The Raspberry Pi computer was paired with a Raspberry Pi Camera Module with the idea of collecting images of the driver to determine if they are wearing a seatbelt using a machine learning object detector. A DFRobot MQ-3 gas sensor was included in the build — it can detect the presence of alcohol, whether coming from the driver or an open container. Additionally, a Seeed Studio Grove LIS3DHTR 3-axis accelerometer was added in to detect the rapid acceleration and braking consistent with aggressive driving practices. The final piece of the hardware puzzle was a Blues Wireless Notecard, which is useful in detecting both the speed at which the driver is traveling, and their precise location.

    Exploring the training data in Edge Impulse Studio

    Before the seat belt detector could be constructed, Lutz first needed to collect a dataset consisting of sample images of him both wearing and not wearing a seat belt. After mounting the device on the dashboard of his car and collecting these images, they were uploaded to Edge Impulse, where the AI-powered data acquisition tool gave assistance in drawing bounding boxes around both the driver and the seatbelt. These labeled images — about 330 in total — would be used to train the object detection model.

    Next, Lutz built an impulse to analyze the image data in Edge Impulse Studio.  It consists of preprocessing steps that resize the image and extract the most important features in the data. These steps are crucial in running an object detection model on a resource-constrained edge platform like the Raspberry Pi. The features were then forwarded into a pretrained YOLOv5 model designed to detect both people and seat belts. By using a pretrained model as a starting point, the model can leverage knowledge it has already acquired from other datasets, which allows it to learn to recognize new objects more accurately, and with less training data.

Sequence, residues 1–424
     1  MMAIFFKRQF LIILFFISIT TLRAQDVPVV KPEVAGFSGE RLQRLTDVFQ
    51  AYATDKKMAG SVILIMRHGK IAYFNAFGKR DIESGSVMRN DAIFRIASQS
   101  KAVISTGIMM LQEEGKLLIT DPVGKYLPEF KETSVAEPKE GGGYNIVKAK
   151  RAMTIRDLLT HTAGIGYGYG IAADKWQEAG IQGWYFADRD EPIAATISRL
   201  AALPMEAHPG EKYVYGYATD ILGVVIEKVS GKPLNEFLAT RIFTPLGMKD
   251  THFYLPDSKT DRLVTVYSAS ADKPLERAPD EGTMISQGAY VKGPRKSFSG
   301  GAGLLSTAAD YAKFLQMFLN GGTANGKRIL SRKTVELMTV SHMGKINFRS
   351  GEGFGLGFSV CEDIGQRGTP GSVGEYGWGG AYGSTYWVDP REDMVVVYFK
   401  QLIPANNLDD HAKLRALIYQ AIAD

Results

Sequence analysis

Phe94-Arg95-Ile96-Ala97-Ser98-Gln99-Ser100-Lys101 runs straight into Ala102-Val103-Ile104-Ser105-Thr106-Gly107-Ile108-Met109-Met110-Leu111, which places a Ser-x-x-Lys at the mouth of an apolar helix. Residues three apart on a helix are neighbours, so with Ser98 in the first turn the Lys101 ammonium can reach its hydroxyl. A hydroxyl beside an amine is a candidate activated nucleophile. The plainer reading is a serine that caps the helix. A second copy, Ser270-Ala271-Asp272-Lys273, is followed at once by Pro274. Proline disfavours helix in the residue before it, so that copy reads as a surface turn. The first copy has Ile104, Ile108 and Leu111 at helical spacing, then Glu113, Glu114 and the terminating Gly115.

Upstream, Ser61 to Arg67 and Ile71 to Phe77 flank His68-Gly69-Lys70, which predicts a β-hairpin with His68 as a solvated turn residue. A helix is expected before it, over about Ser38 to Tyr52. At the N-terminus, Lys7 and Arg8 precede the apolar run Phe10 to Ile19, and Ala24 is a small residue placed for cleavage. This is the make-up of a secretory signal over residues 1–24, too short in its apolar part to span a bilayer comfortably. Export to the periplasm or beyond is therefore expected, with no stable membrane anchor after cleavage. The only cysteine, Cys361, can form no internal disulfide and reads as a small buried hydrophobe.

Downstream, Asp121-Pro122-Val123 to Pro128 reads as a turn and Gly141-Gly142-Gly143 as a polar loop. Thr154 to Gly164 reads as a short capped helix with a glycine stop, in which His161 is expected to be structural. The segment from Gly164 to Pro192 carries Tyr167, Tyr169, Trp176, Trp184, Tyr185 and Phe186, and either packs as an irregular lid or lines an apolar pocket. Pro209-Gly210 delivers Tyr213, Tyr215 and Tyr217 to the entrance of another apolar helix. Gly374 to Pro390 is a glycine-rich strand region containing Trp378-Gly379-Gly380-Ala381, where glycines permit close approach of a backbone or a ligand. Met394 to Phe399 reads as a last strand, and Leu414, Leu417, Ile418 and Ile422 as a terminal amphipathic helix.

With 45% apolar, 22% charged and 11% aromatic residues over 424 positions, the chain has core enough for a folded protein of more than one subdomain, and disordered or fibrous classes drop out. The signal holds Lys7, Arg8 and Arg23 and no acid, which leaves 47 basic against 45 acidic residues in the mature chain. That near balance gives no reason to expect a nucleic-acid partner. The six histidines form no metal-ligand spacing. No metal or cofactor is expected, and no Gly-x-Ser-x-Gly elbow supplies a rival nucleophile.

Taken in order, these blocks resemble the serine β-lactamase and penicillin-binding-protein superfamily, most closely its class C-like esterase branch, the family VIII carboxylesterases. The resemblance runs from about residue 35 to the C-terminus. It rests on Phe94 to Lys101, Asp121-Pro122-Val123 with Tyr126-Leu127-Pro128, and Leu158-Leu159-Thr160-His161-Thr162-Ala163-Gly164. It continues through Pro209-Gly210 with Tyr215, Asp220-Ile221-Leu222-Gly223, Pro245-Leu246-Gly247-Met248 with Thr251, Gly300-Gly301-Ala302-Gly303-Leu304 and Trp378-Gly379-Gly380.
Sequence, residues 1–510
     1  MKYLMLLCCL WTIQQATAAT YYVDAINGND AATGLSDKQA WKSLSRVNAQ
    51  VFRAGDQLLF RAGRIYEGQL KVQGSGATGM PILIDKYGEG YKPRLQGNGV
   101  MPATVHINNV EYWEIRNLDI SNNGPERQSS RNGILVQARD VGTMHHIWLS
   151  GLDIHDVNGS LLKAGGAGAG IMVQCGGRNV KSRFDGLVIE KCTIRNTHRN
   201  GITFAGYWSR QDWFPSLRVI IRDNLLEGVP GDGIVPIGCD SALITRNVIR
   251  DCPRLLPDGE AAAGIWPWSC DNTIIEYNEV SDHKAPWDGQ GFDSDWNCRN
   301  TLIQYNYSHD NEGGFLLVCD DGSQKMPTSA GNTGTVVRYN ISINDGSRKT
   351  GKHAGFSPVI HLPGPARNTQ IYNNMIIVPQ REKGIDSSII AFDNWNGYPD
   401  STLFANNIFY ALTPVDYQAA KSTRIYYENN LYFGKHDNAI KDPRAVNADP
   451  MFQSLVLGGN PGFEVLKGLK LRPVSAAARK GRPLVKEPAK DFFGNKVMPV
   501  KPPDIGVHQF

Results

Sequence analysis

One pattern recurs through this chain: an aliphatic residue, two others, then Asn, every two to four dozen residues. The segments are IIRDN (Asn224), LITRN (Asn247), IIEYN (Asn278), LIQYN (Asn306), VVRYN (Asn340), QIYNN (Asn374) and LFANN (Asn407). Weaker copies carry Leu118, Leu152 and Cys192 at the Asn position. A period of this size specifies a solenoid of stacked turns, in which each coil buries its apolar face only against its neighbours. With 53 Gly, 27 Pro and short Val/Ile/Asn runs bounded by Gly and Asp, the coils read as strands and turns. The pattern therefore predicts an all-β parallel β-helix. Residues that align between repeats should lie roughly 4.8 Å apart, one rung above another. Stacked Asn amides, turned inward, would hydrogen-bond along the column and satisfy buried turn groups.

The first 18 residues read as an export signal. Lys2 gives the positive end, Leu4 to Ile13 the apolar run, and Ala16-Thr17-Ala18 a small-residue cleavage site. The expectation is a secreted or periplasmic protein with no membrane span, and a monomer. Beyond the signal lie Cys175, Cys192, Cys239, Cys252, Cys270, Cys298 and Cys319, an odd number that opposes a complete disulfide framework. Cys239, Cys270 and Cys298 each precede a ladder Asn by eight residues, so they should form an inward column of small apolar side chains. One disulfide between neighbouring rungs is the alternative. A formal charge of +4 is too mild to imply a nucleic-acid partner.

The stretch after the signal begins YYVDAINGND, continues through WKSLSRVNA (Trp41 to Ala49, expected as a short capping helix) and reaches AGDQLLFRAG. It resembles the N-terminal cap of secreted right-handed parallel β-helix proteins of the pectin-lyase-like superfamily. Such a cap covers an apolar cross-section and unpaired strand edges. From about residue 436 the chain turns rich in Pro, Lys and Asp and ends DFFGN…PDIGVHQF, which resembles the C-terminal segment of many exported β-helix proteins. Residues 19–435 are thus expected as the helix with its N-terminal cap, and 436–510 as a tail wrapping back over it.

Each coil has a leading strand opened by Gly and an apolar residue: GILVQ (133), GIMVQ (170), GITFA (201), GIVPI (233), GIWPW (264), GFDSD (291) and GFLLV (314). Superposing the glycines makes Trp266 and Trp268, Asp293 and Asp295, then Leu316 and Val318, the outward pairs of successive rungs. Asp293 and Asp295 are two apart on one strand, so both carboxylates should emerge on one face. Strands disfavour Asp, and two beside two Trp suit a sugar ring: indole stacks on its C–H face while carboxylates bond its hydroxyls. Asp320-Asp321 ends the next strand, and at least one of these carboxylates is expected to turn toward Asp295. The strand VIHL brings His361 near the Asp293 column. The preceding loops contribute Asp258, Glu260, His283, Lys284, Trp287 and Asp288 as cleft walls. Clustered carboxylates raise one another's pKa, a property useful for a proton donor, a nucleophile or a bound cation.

After finishing the impulse design, the training process was started with the click of a button. After a short time, results were presented to help in assessing how well the model was performing. It was found that a precision score of better than 98% was achieved right off the bat. And since Edge Impulse created machine learning models that are highly optimized for tiny platforms, the model size was a miniscule 3.5 megabytes, which is well within bounds for the relatively powerful Raspberry Pi. Furthermore, inference times were quite snappy, clocking in at about 270 milliseconds.